Steve Kortely says his wife, Linda, of 34 years died after their Castalian Springs home caught fire. He believes the Sumner County Emergency Communications Center, or ECC, swept her death under the rug.
According to internal investigation documents News4 obtained from the ECC, 911 dispatcher Alaina Restivo received a phone call from Elsten Security Services on June 8, 2018 at 9:50 a.m. about a fire alarm at 1113 Harsh Lane in Castalian Springs. In the 911 call, Restivo is heard asking "so you said 113 Harsh Lane?" The woman with the security company is heard in the 911 calling answering "yes." There's a major problem with crews getting dispatched to 113 Harsh Lane -- the Kortely home is located at 1113 Harsh Lane, approximately four miles away.
The internal investigation shows Restivo dispatched crews to 113 Harsh Lane and found no fire and the crews returned to the fire station. Two hours later, Kortely says he and his nephew returned home from a doctor's appointment and found Linda trapped in their sunroom and called 911.
“We found her on the floor at the end of the coffee table,” said Kortely. “We take her outside and give her CPR and we did get a pulse.”
Kortely says Linda died at the hospital.
“I truly believe she would still be alive here today if they got here when the alarm goes off.”" said Kortely. “It’s something no one should ever go through.”
The ECC's internal investigation finds Restivo violated policy by failing to verify the address at least two times. Restivo was given three days unpaid suspension. She also had to complete a Performance Improvement Plan.
As part of the plan, Restivo was required to develop a pattern of verifying the address, then the phone number, then asking "OK, tell me exactly what happened." An operations manager would also required to randomly review her calls each day, at least five on each shift. Restivo had to achieve an error rate of 1% or less to successfully complete the Performance Improvement Plan.
New4's investigation found Restivo is still working at the ECC. The ECC's attorney confirms she also received a promotion to training supervisor.
“When you told me that girl just got disciplinary action and Linda lost her life, I would have gotten fired and sued," said Margaret Davis, a friend of the Kortely family.
News4 reached out the the director of the Sumner County ECC, Paul Harsbmeier, asking how this happened and what the department is doing to make sure this doesn't happen to anyone else. He directed News4 to his attorney, Leah May Dennen.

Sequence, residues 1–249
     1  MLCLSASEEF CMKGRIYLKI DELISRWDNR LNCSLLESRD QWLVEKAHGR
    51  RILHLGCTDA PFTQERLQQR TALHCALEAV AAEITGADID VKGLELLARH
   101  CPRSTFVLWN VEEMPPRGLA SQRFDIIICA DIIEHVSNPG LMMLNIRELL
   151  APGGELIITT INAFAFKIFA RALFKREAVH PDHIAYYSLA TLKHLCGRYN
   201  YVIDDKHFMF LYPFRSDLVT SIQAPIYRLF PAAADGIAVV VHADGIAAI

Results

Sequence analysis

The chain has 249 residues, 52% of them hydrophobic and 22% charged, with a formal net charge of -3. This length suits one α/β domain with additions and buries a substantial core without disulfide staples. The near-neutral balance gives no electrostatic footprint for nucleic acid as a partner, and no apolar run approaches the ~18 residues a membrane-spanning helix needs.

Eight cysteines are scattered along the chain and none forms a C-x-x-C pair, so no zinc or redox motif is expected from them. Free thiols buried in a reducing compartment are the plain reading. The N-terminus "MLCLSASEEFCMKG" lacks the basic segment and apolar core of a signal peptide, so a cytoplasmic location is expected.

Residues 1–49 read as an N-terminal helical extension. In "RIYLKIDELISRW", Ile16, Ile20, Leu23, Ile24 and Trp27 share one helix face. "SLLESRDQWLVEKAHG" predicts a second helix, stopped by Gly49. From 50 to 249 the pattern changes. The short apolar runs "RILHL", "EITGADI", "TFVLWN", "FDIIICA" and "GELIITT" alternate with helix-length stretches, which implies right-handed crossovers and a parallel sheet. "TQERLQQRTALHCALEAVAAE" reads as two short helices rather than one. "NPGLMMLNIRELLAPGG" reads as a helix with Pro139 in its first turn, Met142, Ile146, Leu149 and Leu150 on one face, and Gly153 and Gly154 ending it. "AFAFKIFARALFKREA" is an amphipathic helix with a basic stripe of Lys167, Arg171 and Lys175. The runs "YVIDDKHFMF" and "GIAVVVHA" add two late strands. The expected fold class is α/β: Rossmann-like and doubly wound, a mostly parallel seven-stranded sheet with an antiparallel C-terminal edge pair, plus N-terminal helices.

In an email, Dennen tells News4:
"Given the nature of this event, I do not think it is appropriate for us to discuss these questions. As you may be aware, we have recently made multiple changes to our ECC and we are confident in the positive direction we are going."
The Sumner Counter ECC has received criticism over the last several months about reports of dispatchers sending crews to the wrong address. In January, the former director, Rhonda Lea, and her assistant director, Jeff Wright resigned.
Hendersonsville Fire Chief Scotty Bush estimates, county wide, crews were getting dispatched to wrong addresses 40 times a month last year. Monday, he tells News4 the Sumner County ECC has made dramatic improvements since Harbsmeier took over as director and the number of mistakes are declining. He says the department is emphasizing training for dispatchers.
News4 also reached out to Elsten Security Services, which is heard in the 911 saying "yes" when the 911 dispatcher says the wrong address. The CEO and president of Elsten Security Services, Tommy Elsten, tells News4 he subcontracts out three companies, including Net Alert, to handle all 911 calls. He says he has addressed the issue with Net Alert and was assured proper action would be taken. He also added that Net Alert is in charge of setting its own guidelines for its employees who make the 911 calls.
"You can still have operator error no matter how much you try to push rules... there's no excuse for that," said Elsten.
News4 reached out to Restivo and she did not want to comment.
You can read the Sumner County ECC's internal investigation here: